Gold to Take Hit if U.S. Economy Has Soft Landing, But Risks Remain, WGC Says | Mint

Gold to Take Hit if U.S. Economy Has Soft Landing, But Risks Remain, WGC Says

However, the WGC isn’t confident that a soft landing is inevitable and says a mild recession is still very much in the cards
However, the WGC isn’t confident that a soft landing is inevitable and says a mild recession is still very much in the cards

Summary

Gold prices are likely to take a hit if the U.S. economy achieves a so-called soft landing in 2024 and avoids a recession, despite rising inflation and interest rates this year, according to the World Gold Council.

Gold prices are likely to take a hit if the U.S. economy achieves a so-called soft landing in 2024 and avoids a recession, despite rising inflation and interest rates this year, according to the World Gold Council.

In its 2024 gold outlook, the industry body said the market is currently anticipating a soft landing for the U.S. economy—in which inflation falls without any significant negative side effects—which should boost the global economy with it. Based on past data, soft landings generally haven’t benefited gold, with prices either holding flat or falling.

However, the WGC isn’t confident that a soft landing is inevitable and says a mild recession is still very much in the cards. “It’s not going to be a straight line," John Reade, chief market strategist at the WGC, said in a call. “Parts of the year will see faster U.S. economic growth and weaker U.S. economic growth."

The strongest outlook for gold would be a mild recession in the U.S., with investors driving to the precious metal as a haven, Reade said. However, gold will likely rise when the Federal Reserve cuts interest rates, he said.

“It’s a reflection of how important U.S. monetary policy and the U.S. economic outlook is to gold," Reade said. “The speed and timing [of rate cuts] is uncertain but as long as they come down, gold will be OK."

Prices recently hit a record high as traders rushed toward the yellow metal on the prospect of earlier-than-expected rate cuts from the Federal Reserve. A weaker dollar has also helped gold, with prices closing on Wednesday at $2,047.90, up nearly 10% this quarter.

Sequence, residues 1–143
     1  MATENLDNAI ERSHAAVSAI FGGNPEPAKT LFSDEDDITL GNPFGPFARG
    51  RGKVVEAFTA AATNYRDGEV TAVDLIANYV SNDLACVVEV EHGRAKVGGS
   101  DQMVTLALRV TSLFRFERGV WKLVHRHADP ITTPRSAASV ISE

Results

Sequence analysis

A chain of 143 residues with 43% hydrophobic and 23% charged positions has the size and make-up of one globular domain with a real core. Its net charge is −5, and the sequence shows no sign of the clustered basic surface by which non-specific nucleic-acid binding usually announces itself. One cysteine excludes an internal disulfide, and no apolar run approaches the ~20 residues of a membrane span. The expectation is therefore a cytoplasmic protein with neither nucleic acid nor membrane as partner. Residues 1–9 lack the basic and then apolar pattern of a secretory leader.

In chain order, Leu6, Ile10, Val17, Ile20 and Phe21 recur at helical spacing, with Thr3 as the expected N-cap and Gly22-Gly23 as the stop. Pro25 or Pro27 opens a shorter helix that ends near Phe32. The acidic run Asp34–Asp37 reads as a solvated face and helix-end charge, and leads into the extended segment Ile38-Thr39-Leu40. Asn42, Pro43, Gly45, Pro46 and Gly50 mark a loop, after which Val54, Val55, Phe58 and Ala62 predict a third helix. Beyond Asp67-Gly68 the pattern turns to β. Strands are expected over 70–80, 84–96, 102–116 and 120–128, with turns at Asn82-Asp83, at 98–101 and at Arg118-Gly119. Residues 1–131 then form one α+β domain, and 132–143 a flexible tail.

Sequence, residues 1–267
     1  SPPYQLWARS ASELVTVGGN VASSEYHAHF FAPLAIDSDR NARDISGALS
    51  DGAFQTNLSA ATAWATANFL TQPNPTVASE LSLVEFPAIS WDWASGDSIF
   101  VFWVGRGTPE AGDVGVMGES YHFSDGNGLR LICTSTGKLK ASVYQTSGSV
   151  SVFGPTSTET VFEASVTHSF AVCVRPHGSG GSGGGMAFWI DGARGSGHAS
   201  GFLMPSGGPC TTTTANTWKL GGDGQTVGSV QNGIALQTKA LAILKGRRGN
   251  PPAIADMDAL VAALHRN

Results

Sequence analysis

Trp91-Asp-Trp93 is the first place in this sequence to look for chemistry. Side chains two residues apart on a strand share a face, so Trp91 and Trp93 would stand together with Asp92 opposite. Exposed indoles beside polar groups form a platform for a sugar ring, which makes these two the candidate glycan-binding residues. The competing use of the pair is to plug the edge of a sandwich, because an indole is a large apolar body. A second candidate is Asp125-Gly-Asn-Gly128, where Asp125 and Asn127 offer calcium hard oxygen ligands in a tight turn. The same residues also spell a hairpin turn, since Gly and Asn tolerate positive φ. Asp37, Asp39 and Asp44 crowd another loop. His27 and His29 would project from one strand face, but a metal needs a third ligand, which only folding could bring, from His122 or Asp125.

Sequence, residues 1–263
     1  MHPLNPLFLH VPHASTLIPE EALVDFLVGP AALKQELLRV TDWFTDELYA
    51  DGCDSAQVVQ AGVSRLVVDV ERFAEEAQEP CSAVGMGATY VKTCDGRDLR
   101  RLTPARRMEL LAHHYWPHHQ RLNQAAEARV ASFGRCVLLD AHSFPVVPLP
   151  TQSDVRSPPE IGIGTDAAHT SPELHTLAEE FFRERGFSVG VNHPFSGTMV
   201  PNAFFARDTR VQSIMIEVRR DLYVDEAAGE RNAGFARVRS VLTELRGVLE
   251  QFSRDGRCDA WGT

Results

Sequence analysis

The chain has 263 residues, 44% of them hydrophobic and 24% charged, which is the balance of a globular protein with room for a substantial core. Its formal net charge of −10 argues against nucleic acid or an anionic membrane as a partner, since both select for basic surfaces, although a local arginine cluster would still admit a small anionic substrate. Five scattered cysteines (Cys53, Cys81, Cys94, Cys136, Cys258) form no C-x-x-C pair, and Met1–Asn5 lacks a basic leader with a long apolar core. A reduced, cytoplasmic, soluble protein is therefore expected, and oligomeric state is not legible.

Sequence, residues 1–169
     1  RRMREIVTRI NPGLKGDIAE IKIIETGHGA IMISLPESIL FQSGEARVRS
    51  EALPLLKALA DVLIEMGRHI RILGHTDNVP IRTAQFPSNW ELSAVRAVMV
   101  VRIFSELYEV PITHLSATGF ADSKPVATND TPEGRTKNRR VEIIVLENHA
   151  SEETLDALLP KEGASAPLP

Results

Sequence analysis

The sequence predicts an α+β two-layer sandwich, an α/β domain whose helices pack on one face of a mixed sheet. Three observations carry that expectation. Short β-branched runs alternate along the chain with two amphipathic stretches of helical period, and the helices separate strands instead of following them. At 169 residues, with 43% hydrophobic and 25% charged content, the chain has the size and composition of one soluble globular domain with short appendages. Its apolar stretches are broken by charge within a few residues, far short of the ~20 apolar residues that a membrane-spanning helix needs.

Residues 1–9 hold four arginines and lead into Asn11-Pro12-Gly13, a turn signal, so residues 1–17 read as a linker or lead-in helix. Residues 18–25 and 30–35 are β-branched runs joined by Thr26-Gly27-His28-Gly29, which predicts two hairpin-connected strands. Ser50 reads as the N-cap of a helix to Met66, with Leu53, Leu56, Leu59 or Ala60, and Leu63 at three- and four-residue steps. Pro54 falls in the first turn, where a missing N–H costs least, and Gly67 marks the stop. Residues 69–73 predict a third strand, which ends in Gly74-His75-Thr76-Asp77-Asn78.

The market currently is pricing in roughly five interest-rate cuts for next year, according to Reade. Investors will likely be able to position for gold when the Fed starts to cut. “Once you have the beginning, people will be able to pick a trajectory," he said.

Meanwhile, physical gold buying will likely take a hit if prices remain volatile, especially in places such as India, the Middle East and China where physical buyers of gold are more price sensitive, Reade said.

Central bank buying is likely to remain accelerated though whether it keeps pace with the last two years remains uncertain, he said. Central banks bought a record 1,136 metric tons of gold last year and could be set to break that record again this year, according to the WGC.

Geopolitical risk also should provide some support for gold, the WGC said. This year, the regional banking crisis and Israel-Hamas war both sparked higher prices for gold, it said. Reasons to have gold within a portfolio as a hedge include upcoming elections in the U.S., Taiwan and India, according to the WGC.

“The world remains volatile and jittery," Reade said.

Write to Yusuf Khan at yusuf.khan@wsj.com

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